I read in a Harvard Business Review article that speed of decision making is far more important than the sheer accuracy or quality of decision making. Now obviously you don’t want to make terrible choices consistently. But the article was making the point that delaying decisions to get more information or to be truly sure of what you are planning to do can have a surprisingly poor outcome compared with making the best decision you can at an earlier stage. Even though some of these faster decisions turn out to be wrong, the advantages gained by speed in general outweigh the downsides.
I can attest to this personally. The biggest mistake of my career, when judged by the financial loss that resulted, was delaying a decision. We had a division of the company that didn’t fit strategically into the rest of the organisation and that was hamstrung by tight government regulation. It needed considerable scale and investment to be worth pursuing and we didn’t have the scale or the inclination to invest in it. If I had been decisive at the time and sold this division, we might have been able to sell it as a small but intact business for a reasonable amount of money. Instead, it languished for two years and dwindled to the point where we had no choice but to close it and gained nothing.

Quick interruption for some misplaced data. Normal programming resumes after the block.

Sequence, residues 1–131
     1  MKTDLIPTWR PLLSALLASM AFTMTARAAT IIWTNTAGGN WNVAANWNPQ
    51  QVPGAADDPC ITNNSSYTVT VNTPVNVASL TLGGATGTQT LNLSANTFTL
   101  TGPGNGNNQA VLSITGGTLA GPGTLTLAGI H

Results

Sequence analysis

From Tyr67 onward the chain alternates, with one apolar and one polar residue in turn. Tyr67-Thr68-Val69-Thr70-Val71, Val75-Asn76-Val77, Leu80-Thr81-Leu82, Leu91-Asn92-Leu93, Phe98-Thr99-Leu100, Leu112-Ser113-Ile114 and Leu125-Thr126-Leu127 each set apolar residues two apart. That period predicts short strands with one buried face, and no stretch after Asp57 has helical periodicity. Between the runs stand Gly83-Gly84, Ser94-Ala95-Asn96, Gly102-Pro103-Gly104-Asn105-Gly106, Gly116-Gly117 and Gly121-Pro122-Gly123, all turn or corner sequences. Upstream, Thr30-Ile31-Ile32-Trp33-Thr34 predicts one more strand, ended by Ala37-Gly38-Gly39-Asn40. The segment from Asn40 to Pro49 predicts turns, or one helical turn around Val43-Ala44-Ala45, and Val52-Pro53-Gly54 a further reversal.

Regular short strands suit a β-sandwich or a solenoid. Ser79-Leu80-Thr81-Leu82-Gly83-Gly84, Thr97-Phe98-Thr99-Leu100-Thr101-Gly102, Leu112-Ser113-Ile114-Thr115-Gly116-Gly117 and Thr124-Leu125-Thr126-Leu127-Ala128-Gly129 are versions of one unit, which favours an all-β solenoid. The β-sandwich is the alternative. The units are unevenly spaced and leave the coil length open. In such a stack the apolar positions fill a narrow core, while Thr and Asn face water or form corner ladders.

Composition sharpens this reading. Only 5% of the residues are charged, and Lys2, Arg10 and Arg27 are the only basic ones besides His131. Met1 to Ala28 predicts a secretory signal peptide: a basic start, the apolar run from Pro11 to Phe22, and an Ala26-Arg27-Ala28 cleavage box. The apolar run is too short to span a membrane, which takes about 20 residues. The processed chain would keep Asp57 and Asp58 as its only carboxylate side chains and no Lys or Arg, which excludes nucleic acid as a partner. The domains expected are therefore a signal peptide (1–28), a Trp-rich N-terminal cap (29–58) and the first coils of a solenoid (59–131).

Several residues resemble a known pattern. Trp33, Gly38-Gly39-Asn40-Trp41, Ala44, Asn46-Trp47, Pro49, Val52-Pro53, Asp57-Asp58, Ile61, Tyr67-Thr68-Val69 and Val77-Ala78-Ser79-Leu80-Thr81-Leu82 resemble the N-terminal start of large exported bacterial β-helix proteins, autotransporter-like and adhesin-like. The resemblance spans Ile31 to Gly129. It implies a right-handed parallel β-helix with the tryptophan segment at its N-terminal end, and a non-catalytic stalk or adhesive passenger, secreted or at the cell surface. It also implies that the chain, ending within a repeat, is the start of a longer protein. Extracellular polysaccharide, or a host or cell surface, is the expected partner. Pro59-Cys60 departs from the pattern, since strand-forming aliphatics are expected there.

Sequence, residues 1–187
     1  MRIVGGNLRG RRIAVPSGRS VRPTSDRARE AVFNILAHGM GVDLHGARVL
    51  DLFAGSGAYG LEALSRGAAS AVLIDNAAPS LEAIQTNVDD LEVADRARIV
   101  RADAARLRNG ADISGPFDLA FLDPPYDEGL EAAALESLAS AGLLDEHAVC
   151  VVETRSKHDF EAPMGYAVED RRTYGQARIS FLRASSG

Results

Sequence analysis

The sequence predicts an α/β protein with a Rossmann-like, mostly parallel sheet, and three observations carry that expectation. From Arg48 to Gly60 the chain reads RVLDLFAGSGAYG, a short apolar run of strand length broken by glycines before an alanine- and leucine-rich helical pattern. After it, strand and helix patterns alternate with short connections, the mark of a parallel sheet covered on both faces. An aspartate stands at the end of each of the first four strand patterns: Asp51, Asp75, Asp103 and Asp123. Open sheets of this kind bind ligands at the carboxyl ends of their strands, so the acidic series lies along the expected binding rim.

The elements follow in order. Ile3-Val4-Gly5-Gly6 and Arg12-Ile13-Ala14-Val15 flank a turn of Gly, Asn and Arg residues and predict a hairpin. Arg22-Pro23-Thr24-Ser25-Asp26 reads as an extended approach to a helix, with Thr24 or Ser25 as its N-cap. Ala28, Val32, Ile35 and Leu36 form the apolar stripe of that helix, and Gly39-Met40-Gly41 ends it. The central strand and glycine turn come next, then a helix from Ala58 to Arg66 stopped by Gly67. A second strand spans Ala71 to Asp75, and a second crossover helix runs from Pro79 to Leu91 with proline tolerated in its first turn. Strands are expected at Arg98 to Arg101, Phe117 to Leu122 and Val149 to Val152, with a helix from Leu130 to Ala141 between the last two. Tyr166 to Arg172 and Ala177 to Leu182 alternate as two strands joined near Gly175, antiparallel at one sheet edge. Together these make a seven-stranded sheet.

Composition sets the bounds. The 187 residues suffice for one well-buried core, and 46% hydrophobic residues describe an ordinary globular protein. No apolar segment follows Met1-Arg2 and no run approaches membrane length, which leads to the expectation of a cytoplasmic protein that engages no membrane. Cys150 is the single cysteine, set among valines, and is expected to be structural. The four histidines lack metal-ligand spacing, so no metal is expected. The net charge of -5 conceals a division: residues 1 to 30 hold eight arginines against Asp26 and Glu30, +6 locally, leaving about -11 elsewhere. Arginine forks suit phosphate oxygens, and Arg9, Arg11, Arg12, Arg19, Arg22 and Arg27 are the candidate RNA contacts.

Conversely, executives who have worked for me who have been capable of working at speed and making quick decisions have been worth their weight in gold. When they combine this attribute with humility it is truly outstanding.
Ideally, quick decisions work well when the organisation is able to detect a mistake quickly and change course. “Fail fast” is the mantra in start-ups and it’s a great idea for any organisation. If, however, you have executives with big egos who are incapable of admitting mistakes, then quick decision making can backfire badly. One mistake in a decision can lead to escalating commitment, sometimes called the “sunk cost fallacy”, where more and more good money or energy is invested to justify the decision or try to rescue the outcome. Ideally, quick decision-makers are able to hold their egos lightly and admit failures so that a new decision can be made.
If you want to see this kind of humble but quick decision-making spread through your organisation, a great way to encourage it is to explicitly talk about and reward experimentation. Framing decisions as experiments does a few things:
Ideally you should be checking your ego regularly anyway and trying hard to be a humble decision-maker. Every one of my bosses who has had this kind of humility has been a pleasure to work for. And they have (coincidentally?) usually been a committed Christian.
Humility in decision making is a beautiful thing and a wonderful attribute for Christian leaders to aspire to and consciously build into their working life. When you couple that with speed you have a recipe for decision making that should translate into great outcomes.
CEO of Converge International